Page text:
Three weeks ago we made our way up to Belfast for the spring Mitchell weekend and a chance to learn a bit about Northern Ireland. I was looking forward to seeing part of the island I hadn’t gotten to yet, as well as to re-visiting Giant’s Causeway—as a little girl I’d thought the hexagonal slabs of basalt there were about the coolest thing I’d ever seen. I have to admit, however, that I was also a bit ambivalent about heading north. Surprisingly few Irish people my own age seem to have been across the border, and I’ve often heard people express some version of “We’re just not interested.” Part of this is simply an economic reluctance, no doubt—a country that is just emerging from a financial crisis is unlikely to be particularly interested in a neighbor with a budget deficit of ten million pounds a year. But I’ve also gotten a sense of something bordering on embarrassment, a feeling that the Republic has moved more quickly beyond religious and class tensions than Northern Ireland has, and doesn’t wish to be burdened with the bloodier past and tenser present of the north. I’m sure this is a more complex feeling than I know or understand, but I think I subconsciously took onboard some of this reluctance.
I also wasn’t really sure to what degree I wanted to tease out what exactly my own political views in NI might be. I didn’t want to do the linguistic tip-toeing of a name like “Derry/Londonderry,” but I also didn’t feel like it was quite my ground to stake. I didn’t feel capable of the impartiality of an observer, but I was doubtful of the right of anyone who hasn’t lived in the reality of conflict to have an opinion on the best way forward.
Once we were in Belfast, though, I found it fascinating. It both felt and didn’t feel like the Ireland I’ve been getting to know. I brought my passport in case I needed it on the train, but then almost forgot to withdraw pounds when I arrived. Above all, I felt like I was missing the subtext behind a great deal of what was said and written. In many ways it felt like much of public life was phrased in a code that, without having grown up with the key, I only had clues to decipher. My favorite poet, the late Seamus Heaney, expresses this beautifully, calling Northern Ireland “land of password, handgrip, wink and nod.” The cost of getting the winks and nods wrong now is thankfully far lower, but so much about life in Northern Ireland still feels governed by a complex network of symbols and signs. It’s why efforts like the 2013 Haass Talks to regulate symbolic acts like parading and flag-flying elicit such visceral graffiti as “Stuff Haass up your ass.” It’s why, as Dom Bryan explained on our mural tour, you can sometimes find swastikas and Israeli flags side-by-side without it seeming at all strange to those who put them up. You could spend a lifetime trying to tease out exactly what everything means, and I found myself wanting to try.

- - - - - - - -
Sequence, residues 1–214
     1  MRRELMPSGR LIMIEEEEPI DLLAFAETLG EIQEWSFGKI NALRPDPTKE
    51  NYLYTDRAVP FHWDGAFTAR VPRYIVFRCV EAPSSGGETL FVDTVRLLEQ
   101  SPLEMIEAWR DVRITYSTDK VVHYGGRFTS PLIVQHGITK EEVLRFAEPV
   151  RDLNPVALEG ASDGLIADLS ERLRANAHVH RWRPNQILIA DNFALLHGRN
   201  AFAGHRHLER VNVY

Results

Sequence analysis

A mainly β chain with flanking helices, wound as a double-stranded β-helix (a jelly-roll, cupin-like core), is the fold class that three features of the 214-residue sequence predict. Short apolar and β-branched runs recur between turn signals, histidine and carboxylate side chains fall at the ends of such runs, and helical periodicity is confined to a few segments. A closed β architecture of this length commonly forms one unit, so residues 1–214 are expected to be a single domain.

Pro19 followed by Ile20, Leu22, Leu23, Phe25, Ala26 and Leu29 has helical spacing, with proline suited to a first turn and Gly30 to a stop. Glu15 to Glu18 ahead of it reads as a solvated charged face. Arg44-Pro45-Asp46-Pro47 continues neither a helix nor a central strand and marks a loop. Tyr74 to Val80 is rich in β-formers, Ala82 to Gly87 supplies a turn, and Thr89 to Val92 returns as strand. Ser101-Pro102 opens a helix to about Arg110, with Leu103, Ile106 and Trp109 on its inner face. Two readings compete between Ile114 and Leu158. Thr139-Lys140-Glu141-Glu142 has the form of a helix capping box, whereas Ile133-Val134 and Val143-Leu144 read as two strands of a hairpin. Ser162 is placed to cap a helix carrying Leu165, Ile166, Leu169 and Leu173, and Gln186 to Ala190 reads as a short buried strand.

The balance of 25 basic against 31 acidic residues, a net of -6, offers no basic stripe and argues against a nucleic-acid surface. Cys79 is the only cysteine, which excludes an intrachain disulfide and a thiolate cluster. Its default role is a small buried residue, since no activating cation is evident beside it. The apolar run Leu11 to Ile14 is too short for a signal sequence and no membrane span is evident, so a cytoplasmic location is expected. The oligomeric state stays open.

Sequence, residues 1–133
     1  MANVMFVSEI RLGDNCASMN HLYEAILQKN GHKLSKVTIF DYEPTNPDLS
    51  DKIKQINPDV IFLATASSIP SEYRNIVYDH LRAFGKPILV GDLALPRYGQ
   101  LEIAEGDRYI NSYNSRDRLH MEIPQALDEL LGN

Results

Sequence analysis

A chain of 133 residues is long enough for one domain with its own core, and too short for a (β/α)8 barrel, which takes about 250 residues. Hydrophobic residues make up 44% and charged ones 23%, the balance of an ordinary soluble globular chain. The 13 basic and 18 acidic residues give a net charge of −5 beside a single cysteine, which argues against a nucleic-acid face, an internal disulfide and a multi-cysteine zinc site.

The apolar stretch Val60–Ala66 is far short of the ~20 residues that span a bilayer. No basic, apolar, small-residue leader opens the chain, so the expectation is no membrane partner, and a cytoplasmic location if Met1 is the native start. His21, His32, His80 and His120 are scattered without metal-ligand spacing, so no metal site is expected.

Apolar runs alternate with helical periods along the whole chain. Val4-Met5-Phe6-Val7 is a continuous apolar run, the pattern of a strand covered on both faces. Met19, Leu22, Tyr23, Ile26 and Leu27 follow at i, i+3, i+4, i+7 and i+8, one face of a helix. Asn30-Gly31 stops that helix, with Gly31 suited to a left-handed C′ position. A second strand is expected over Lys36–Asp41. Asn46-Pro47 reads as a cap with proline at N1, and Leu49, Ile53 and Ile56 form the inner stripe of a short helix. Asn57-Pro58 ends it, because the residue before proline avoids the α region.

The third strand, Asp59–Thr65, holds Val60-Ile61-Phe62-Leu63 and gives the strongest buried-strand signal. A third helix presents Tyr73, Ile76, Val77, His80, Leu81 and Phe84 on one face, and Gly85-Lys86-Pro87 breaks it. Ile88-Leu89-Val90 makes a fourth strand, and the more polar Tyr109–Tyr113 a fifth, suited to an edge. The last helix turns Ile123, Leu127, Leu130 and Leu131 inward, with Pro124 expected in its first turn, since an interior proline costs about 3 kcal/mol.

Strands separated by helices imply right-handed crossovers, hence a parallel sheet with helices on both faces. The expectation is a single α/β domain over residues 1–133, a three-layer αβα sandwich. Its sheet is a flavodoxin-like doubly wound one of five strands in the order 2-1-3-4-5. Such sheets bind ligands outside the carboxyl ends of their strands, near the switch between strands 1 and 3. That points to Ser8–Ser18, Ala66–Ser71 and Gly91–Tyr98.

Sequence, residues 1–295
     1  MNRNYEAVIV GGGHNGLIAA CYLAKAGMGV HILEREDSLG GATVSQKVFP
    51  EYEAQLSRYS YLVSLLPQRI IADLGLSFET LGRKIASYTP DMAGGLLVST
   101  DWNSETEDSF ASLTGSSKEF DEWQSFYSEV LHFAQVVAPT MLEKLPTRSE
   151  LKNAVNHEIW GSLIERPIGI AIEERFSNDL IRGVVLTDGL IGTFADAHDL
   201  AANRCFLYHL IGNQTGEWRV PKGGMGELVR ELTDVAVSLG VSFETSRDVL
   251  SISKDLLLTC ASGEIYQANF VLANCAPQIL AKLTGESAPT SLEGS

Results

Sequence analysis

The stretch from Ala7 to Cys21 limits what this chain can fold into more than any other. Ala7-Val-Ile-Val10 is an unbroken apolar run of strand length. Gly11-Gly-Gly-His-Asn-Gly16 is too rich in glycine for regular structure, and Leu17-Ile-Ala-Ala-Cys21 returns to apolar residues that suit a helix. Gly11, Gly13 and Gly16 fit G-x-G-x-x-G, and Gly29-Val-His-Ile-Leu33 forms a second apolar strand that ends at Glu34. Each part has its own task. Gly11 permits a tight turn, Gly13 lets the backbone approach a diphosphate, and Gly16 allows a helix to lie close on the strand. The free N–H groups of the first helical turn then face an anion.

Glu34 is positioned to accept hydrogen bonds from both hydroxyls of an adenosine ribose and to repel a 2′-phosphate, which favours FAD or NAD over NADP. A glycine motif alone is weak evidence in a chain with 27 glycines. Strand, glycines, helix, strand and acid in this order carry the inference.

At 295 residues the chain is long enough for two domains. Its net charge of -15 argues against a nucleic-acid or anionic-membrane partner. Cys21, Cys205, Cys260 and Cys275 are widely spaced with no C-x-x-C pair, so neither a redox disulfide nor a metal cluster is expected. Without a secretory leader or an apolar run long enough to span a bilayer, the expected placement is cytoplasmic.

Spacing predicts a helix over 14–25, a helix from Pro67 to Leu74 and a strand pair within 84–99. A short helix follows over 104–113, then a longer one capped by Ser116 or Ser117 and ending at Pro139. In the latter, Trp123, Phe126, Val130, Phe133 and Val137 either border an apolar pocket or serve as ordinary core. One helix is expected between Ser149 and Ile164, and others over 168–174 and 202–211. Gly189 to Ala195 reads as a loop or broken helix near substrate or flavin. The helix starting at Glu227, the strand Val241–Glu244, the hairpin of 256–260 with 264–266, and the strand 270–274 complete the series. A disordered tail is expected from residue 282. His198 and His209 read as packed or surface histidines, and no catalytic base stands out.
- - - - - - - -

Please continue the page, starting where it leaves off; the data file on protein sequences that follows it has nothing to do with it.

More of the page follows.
I also had a powerful sense of possibility. There seemed to be a definite consensus on the importance of a number of social issues, as well as a lot of energy about to address them. For instance, I read several of the Minister for Education’s speeches online before our meeting with him. In every one I was struck by the detail, the local nature, and the intense engagement with the nitty-gritty of how to effect change. I know Northern Ireland is not that large a place, but it’s hard to imagine the top education authority in Nebraska or West Virginia (states with comparable population) discussing changes in enrollment in small neighborhoods or the amalgamation of individual schools. I can’t help but think that in a place with a history like Northern Ireland’s, this commitment to giving real weight to local concerns is the only way forward. It left me both interested in and hopeful about Northern Ireland’s future, and wanting to come back.